The report is spurred by what it calls the “20X question” – the fact that pro-Israel groups have increased their spending to combat the Palestine solidarity movement twenty-fold over the last six years and yet despite these tens of millions of dollars, “results remain elusive.”

The existence of the report had been revealed in February by The Jewish Daily Forward.

It was prepared by the Anti-Defamation League and the Reut Institute, an Israeli think tank founded by former government adviser Gidi Grinstein, with the help of “experts” from Israel lobby groups and the Israeli goverment.

According to the Forward, Reut and the ADL were “only circulating print copies of the report” among selected pro-Israel operatives, and the newspaper had received it on condition that it not be published in its entirety.

The full document can be read below.

“Significant successes”

Key findings of the ADL-Reut report include:

  • Palestine solidarity activists can boast “significant successes,” including creating an “unfavorable zeitgeist around Israel” in many parts of the world.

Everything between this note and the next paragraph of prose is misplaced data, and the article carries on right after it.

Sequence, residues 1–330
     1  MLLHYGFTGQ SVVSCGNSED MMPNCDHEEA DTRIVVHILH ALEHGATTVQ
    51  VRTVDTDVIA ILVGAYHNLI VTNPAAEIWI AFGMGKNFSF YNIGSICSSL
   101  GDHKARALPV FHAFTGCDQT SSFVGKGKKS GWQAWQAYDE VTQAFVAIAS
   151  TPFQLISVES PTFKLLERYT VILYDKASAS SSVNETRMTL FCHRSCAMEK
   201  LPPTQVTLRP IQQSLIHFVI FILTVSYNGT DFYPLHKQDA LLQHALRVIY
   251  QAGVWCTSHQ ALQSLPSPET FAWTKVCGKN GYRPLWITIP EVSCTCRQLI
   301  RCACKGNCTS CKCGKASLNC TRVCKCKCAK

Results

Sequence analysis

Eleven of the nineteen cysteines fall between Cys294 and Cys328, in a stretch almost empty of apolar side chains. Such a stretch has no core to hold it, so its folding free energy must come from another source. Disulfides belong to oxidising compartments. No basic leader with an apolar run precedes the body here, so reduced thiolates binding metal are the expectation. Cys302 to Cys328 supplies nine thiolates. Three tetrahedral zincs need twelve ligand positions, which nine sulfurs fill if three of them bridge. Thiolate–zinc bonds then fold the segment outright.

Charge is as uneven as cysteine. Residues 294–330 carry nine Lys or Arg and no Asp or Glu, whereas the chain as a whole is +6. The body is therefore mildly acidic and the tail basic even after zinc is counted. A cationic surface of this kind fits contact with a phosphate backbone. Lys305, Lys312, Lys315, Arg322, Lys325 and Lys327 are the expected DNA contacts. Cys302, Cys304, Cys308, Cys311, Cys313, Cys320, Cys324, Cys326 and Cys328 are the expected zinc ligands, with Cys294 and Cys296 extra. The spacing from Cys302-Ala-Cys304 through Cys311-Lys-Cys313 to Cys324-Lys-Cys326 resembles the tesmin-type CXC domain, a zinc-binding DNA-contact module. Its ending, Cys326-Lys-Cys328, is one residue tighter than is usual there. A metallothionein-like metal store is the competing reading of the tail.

• The Palestine solidarity movement has “expanded from Europe to the US and many other locations worldwide” and has “deepened its alliances with major minority groups and social justice coalitions.”
  • Palestine solidarity has “migrated into mainstream left-wing parties in Europe” and “may be gaining traction” in the US.
  • Israel’s repeated wars in Gaza – in 2009, 2012 and 2014 – have “boosted” support for the “delegitimization” of Israel.
  • “The targeted boycott effort against Israel’s continued presence in the West Bank, and particularly the settlements, is gaining momentum.”

Most of the “collateral damage” being done to Israel by the BDS movement is a result of a growing “silent boycott” – groups, individuals and companies who make undeclared decisions to refrain from engaging with Israel, either because of their support for Palestinian rights, or simply to “avoid unnecessary problems and criticisms.”

Endorsed by Israel

As The Electronic Intifada previously reported, based on the Forward’s summary, the document advocates “driving a wedge” between what it says are hard core “delegitimizers” who lead the BDS movement and “soft critics” of Israel. It advocates dealing with the hard core leaders “uncompromisingly” and “covertly.”